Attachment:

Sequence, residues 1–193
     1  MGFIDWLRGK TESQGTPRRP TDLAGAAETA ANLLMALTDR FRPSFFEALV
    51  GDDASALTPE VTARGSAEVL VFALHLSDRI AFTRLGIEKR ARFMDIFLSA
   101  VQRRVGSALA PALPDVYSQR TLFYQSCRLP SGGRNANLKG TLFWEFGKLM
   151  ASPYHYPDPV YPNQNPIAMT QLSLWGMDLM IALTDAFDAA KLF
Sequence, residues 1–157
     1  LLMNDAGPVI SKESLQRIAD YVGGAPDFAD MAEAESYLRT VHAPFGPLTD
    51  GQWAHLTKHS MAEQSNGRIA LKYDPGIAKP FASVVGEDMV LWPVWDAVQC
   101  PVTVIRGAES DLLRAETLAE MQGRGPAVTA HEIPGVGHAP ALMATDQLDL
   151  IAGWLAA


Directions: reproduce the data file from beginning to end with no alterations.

Sequence, residues 1–193
     1  MGFIDWLRGK TESQGTPRRP TDLAGAAETA ANLLMALTDR FRPSFFEALV
    51  GDDASALTPE VTARGSAEVL VFALHLSDRI AFTRLGIEKR ARFMDIFLSA
   101  VQRRVGSALA PALPDVYSQR TLFYQSCRLP SGGRNANLKG TLFWEFGKLM
   151  ASPYHYPDPV YPNQNPIAMT QLSLWGMDLM IALTDAFDAA KLF
Sequence, residues 1–157
     1  LLMNDAGPVI SKESLQRIAD YVGGAPDFAD MAEAESYLRT VHAPFGPLTD
    51  GQWAHLTKHS MAEQSNGRIA LKYDPGIAKP FASVVGEDMV LWPVWDAVQC
   101  PVTVIRGAES DLLRAETLAE MQGRGPAVTA HEIPGVGHAP ALMATDQLDL
   151  IAGWLAA